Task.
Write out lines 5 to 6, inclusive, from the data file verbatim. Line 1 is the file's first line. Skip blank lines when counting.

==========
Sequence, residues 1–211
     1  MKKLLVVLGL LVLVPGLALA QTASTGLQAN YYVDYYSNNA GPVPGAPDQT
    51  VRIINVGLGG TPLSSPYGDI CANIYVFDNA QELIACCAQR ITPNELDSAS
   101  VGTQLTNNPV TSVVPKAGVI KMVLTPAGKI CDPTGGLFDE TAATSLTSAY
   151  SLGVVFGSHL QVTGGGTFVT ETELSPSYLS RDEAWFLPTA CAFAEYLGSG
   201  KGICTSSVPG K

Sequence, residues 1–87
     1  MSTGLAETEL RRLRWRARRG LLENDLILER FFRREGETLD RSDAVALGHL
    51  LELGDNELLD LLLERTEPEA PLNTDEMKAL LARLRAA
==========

   151  SLGVVFGSHL QVTGGGTFVT ETELSPSYLS RDEAWFLPTA CAFAEYLGSG
   201  KGICTSSVPG K